Jessica Nicholson: His excels at translating his life’s journey into poetic, vulnerable lyrics with a sparse production, which is a change from the slick, homogenous productions and sometimes surface-level lyrics that have dominated many radio and streaming hits over the past decade or so. At the same time, he’s been fairly prolific in releasing new music, adding his Summertime Blues EP and December’s All My Homies Hate Ticketmaster (Live From Red Rocks) album to his American Heartbreak album — something that hyper-consuming, streaming-oriented fans have appreciated.
Andrew Unterberger: I dunno if it’s the biggest factor, but I gotta say that since I’ve been catching up on Yellowstone — the most popular melodrama on TV right now, though you might not know it from critics’ lists or social media buzz — Zach Bryan’s mega-success is starting to make a lot more sense to me. His windswept lonely-traveler anthems have made the perfect soundtrack for the show’s Montana sunset vibe on multiple occasions, both adding to his exposure and giving his aesthetic a foothold at the center of pop culture. It’s raised the commercial ceiling for Bryan and likeminded artists, at the very least.
Christine Werthman: Bryan is a 26-year-old Navy veteran who writes from the heart and isn’t afraid to share his pain and loss in his music, elements that make him relatable to a wide swath of people. He also knows how to get a crowd going, as you can hear on the live album he put out at the end of 2022, and he gave fans upward of 60 chances to see him on the road last year. He also put out a 34-song album, which never hurts your streaming count if you’ve got the listeners to tune in. These might not be the surest options for some new artists trying to get off the ground, but all these factors combined to grow Bryan’s audience and help him map a viable detour around Nashville.
3. While “Something” continues to scale the Hot 100, Bryan has multiple other songs also currently climbing on streaming — including fellow Heartbreak tracks in “From Austin” and “Sun to Me,” as well as his original viral breakout hit, 2019’s “Heading South.” Do either of them feel to you like they could cross over like “Something” has, or will a potential next hit have to wait for his follow-up album?
Jason Lipshutz: “From Austin” sounds like the one that could potentially take off next: it sports the fragile production and well-worn lyricism of “Something in the Orange” in its verses, but then opens up into a swelling chorus, which eventually crests when horns come crashing in. A song that’s reminiscent of “Orange,” then takes a left turn towards more rousing territory, sounds like the perfect blueprint for a follow-up hit for Bryan — and although his path to fame has been far from traditional, “From Austin” remains unassailable in this context.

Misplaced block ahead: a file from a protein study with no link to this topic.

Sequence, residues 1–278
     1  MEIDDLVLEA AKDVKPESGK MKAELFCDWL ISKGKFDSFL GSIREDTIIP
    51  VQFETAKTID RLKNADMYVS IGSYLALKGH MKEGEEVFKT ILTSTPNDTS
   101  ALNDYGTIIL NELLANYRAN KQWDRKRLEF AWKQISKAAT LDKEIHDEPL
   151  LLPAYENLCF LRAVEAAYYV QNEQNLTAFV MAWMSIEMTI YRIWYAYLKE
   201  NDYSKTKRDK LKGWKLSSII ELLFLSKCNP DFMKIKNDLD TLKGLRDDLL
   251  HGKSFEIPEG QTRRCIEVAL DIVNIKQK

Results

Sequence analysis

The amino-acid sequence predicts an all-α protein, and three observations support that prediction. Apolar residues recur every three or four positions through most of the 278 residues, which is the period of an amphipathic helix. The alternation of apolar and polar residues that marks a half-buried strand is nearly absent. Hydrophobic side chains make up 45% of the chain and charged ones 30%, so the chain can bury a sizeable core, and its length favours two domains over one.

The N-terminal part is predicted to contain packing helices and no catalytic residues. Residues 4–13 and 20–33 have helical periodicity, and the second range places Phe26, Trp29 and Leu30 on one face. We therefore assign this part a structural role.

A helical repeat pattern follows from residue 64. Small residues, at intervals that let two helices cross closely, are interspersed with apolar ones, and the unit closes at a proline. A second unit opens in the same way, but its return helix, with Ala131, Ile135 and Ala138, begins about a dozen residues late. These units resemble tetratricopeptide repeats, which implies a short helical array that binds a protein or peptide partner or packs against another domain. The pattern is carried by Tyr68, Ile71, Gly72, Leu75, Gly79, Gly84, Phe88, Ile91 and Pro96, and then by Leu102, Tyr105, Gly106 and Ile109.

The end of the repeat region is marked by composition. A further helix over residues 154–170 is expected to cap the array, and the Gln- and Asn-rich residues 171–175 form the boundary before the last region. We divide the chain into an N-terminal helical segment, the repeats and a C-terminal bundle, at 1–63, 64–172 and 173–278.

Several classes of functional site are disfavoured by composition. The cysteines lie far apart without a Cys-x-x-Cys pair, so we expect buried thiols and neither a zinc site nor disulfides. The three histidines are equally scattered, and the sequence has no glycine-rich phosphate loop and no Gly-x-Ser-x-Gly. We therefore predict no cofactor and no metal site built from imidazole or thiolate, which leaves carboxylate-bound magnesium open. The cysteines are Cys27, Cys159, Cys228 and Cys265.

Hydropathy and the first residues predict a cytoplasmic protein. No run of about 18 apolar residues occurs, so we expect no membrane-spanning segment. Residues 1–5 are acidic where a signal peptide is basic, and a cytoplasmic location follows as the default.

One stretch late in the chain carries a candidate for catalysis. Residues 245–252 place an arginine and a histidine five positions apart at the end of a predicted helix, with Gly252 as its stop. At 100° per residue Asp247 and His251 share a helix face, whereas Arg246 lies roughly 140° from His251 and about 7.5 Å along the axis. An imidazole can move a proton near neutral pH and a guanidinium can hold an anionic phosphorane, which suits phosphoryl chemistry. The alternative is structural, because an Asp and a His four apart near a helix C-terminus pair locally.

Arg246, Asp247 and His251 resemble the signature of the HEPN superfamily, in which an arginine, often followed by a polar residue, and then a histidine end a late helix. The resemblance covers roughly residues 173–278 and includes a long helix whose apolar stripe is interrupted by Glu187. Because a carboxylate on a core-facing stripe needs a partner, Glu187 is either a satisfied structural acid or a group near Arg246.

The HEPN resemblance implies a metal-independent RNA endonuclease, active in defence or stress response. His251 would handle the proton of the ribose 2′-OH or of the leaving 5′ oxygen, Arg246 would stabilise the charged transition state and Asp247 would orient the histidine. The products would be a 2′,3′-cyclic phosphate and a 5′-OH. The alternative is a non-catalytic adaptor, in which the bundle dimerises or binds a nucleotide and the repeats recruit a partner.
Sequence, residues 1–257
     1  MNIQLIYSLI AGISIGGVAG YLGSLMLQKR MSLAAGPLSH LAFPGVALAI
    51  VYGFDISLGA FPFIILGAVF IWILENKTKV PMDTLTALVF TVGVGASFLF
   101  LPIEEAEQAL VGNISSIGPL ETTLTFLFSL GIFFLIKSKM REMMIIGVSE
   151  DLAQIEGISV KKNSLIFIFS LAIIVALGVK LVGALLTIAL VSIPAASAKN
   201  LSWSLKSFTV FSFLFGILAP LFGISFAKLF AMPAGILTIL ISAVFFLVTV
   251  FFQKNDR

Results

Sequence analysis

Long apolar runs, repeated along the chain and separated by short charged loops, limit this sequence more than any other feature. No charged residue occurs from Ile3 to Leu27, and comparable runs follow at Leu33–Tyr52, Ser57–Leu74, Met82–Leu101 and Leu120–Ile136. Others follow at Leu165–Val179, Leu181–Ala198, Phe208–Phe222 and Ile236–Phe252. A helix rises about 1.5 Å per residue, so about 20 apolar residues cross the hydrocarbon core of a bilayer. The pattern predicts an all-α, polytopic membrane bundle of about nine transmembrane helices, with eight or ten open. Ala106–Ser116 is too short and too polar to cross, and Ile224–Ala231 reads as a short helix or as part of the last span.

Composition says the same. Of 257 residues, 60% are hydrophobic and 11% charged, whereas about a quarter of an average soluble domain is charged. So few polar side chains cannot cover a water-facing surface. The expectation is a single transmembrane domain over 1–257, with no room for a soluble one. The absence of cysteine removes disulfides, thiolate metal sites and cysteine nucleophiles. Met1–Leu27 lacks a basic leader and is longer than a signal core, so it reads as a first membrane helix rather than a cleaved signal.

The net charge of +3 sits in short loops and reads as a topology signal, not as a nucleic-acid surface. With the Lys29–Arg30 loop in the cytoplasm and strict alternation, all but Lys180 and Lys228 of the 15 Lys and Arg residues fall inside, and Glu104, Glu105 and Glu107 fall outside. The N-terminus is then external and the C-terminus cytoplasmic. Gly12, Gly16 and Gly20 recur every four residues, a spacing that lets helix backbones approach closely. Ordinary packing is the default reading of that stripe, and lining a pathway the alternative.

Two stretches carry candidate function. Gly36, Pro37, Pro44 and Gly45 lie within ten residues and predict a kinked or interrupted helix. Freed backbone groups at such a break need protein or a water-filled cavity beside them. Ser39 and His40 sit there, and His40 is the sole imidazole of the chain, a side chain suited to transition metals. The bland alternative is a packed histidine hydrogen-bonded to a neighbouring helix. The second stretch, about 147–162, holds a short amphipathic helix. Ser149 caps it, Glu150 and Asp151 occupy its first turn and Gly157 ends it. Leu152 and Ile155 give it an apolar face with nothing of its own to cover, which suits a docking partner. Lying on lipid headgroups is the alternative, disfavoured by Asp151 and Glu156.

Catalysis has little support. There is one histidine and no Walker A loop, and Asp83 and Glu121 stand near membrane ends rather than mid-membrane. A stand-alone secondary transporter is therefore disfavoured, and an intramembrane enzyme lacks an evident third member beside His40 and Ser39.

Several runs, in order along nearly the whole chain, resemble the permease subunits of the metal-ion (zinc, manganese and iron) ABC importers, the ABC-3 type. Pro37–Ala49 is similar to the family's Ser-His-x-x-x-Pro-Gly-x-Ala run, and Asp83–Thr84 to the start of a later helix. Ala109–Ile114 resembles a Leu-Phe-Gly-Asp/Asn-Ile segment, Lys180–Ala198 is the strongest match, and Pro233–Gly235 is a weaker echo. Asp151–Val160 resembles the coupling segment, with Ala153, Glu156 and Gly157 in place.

Melinda Newman: “Heading South” is the obviously successor here given its streaming numbers, which are far ahead of “From Austin” and “Sun To Me.” Plus, thematically, it’s different as can be from “Something,” whereas “From Austin’ and “Sun to Me” both similarly deal with relationships where Bryan is seeking some kind of salvation. The autobiographical “Heading South” is about redemption of another kind- the kind that comes from following your dreams. It packs a different kind of emotional wallop than the quietly devastating “Something.”
Jessica Nicholson: “Sun to Me” trades the anguish found in “Something in the Orange” for an aura of gratitude, but is still filled with detailed imagery and stirring lyrics, such as “Find someone who grows flowers in the darkest parts of you.” The song has gained traction on the Hot Country Songs chart and the Hot Rock & Alternative Songs chart, meanwhile, his “Oklahoma Smoke Show,” currently in the top 30 on the Hot Country Songs chart, also shows potential for big chart success.
Andrew Unterberger: Feels weird to say about a song that’s already four years old — and probably the first song a lot of current folks heard of his — but it’s “Heading South.” It’s got an anthemic, almost fist-pumping quality that makes a proper contrast to the more mournful “Orange,” and to the thousands (millions?) of new fans who came around to Bryan because of that song and Heartbreak, it may as well be a brand-new single. Plus, if you hear the version found on Bryan’s excellent new live set All My Homies Hate Ticketmaster, you’ll know the power the song has in enrapturing large crowds.
Christine Werthman: I do love “Heading South,” but I think “From Austin” is the next potential hit. It’s nostalgic, sweet and finds Bryan facing his demons, or as he says, “repression is my heaven, but I’d rather go through hell.” With a driving rhythm, meaty guitars and a growling chorus, this could be a country banger.